Land O' Lakers: I didn't expect the Hawks to play this well, especially with Horford out this long. What are the main factors for the strong start?



Scott Cunningham/NBAE/Getty Images
Was Smith a victim of not "playing the game?"


Bret LaGree: Unlike last season, Joe Johnson and Marvin Williams are healthy, while Jeff Teague and Zaza Pachulia are getting regular minutes. That's not enough to make up for Horford's absence completely but it is enough to keep them comfortably in the Eastern Conference's middle-class, beating up on the lower third and competitive with their peers.

LO'L: Josh Smith hasn't been shy in letting folks know he should have been selected as an All-Star? How valid is his complaint?

BL: It's valid but it's not like he makes it easy on himself. I completely understand the difficulty people who don't watch Josh Smith every night have in accurately evaluating him. He is very productive without consistently playing to his strengths. His weaknesses (shot selection, one-on-one defense) are as obvious as his strengths (finishing at the rim, help defense). The way he expresses his valid complaint, "It's all about politics," exemplifies why he plays the way he plays and why he's not on the All-Star team. It's like he diminishes his own agency in how he plays basketball.

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Lakers 101, Hawks 87: At the buzzer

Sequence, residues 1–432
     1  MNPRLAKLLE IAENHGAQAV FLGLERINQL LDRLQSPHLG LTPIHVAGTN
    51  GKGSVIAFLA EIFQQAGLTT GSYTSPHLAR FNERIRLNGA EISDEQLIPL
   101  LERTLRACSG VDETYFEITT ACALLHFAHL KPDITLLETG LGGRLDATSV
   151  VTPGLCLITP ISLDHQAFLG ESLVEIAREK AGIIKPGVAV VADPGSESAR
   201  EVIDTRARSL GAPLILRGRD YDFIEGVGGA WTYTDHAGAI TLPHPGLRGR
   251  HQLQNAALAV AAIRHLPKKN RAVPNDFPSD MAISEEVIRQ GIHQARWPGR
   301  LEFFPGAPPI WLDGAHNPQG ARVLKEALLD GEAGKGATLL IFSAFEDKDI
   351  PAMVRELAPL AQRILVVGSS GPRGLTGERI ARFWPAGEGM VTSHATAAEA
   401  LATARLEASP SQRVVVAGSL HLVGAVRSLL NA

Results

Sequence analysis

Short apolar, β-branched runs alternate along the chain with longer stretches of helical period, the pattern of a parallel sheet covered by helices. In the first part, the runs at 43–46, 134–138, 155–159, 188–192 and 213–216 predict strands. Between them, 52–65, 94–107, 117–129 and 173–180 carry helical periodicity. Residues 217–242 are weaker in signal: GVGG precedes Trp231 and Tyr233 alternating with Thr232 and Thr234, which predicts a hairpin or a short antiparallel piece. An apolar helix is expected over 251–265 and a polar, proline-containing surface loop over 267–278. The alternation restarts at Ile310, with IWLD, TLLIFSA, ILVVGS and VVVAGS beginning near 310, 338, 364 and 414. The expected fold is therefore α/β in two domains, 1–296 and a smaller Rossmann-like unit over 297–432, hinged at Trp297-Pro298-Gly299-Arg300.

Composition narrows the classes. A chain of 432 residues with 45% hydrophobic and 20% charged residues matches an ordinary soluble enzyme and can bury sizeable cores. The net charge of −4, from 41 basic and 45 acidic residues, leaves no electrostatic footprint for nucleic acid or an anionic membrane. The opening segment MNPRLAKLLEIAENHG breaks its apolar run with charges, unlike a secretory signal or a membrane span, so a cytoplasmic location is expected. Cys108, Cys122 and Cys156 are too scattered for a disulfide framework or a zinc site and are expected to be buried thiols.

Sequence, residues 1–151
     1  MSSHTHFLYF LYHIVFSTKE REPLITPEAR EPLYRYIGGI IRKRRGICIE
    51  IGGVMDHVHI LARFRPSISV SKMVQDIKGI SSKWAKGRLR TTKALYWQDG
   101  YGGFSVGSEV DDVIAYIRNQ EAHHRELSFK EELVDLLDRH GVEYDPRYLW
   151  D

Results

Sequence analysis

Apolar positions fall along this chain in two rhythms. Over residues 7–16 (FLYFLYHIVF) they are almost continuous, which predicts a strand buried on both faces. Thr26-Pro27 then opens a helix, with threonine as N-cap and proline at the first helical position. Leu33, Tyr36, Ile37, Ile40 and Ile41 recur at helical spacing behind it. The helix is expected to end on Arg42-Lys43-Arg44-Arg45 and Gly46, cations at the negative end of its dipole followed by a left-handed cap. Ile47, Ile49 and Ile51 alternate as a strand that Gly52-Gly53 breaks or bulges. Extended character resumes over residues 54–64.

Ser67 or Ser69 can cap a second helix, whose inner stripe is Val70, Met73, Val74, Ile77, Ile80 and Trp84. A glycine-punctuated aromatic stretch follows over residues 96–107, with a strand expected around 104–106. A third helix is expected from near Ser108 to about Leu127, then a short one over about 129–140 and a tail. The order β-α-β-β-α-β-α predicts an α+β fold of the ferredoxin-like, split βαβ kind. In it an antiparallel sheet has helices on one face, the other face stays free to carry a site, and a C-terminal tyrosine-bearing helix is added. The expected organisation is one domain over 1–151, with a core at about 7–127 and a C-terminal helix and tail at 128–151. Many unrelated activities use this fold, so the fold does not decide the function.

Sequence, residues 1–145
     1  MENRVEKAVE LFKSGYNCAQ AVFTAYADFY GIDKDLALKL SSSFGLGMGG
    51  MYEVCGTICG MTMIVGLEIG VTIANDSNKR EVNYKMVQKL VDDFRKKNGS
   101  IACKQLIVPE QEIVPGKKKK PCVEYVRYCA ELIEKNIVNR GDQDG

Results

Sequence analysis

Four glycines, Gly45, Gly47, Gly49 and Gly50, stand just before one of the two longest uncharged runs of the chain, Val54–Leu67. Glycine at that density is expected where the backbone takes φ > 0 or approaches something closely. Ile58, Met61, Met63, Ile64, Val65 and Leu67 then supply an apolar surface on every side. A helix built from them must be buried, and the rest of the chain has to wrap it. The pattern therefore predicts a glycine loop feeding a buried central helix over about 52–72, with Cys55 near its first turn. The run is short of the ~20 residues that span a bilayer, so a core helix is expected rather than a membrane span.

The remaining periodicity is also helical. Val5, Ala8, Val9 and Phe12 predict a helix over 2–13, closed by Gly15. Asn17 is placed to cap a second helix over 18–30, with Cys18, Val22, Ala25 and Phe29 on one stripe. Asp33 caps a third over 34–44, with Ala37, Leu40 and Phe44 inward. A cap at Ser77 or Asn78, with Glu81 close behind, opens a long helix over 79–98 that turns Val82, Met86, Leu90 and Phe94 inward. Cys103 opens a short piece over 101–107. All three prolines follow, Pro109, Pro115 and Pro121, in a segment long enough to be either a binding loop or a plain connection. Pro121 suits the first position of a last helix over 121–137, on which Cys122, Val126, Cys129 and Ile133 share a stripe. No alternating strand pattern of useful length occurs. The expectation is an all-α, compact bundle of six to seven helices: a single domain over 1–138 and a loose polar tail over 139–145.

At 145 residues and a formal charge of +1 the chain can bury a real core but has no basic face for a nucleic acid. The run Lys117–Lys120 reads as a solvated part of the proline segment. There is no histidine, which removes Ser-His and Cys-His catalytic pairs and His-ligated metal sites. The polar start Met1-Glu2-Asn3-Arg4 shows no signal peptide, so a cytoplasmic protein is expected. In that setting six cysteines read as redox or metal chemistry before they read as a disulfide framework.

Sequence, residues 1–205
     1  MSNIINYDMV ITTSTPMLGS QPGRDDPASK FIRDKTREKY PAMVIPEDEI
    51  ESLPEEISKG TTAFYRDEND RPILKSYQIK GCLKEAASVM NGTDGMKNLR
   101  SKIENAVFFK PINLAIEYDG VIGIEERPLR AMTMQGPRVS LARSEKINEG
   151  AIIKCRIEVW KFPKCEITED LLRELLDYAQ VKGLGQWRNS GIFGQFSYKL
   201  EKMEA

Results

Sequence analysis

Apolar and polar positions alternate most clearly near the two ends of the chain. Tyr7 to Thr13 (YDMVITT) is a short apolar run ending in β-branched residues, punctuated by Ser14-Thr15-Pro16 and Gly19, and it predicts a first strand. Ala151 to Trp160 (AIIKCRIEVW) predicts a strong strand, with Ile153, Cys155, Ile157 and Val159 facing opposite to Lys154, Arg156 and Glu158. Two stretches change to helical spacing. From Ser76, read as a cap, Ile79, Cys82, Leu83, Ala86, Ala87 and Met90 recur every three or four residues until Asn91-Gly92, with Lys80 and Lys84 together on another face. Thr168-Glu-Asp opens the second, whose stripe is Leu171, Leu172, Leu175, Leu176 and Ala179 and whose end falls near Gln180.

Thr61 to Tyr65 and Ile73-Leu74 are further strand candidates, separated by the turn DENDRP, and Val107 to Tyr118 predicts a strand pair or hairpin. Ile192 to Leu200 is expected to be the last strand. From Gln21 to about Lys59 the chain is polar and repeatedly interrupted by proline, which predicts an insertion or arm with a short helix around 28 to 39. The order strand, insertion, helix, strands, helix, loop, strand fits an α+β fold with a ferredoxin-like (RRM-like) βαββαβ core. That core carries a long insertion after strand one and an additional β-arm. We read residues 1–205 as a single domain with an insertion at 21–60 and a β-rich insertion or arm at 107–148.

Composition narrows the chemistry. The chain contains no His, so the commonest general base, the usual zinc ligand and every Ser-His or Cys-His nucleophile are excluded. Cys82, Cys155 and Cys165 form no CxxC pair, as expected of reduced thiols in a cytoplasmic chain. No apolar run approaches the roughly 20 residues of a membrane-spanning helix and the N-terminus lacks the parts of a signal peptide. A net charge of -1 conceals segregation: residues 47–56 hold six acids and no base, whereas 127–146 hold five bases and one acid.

March, 8, 2011
3/08/11
6:17
PM PT
Kamenetzky By Andy Kamenetzky
ESPNLosAngeles.com
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For the first time since Pau Gasol's arrival, the Lakers get a win in Philips Arena. Which is nice, because judging by the buzz, it was all Laker fans anyway.

The Good


Defense

Scott Cunningham/NBAE/Getty Images
Not much doing in the lane against Bynum.



On several counts, it was another outstanding effort from the Lakers. Individually, several players brought their A-game. Andrew Bynum continued his reign of terror, blocking three shots, altering several other shots he couldn't get his paws on, and snagging 12 defensive rebounds (16 in all). Derek Fisher drew a pair of charges (one against Joe Johnson away from the ball), deflected a pass to create a turnover and got a steal while backpedaling in transition to prevent the kind of buckets Atlanta's offense desperately requires. Ron Artest hounded Johnson into a miserable 11 point/14 shot performance. Allowing barely an inch to operate, Ron-Ron's pressure also helped induce the Atlanta wing into three turnovers.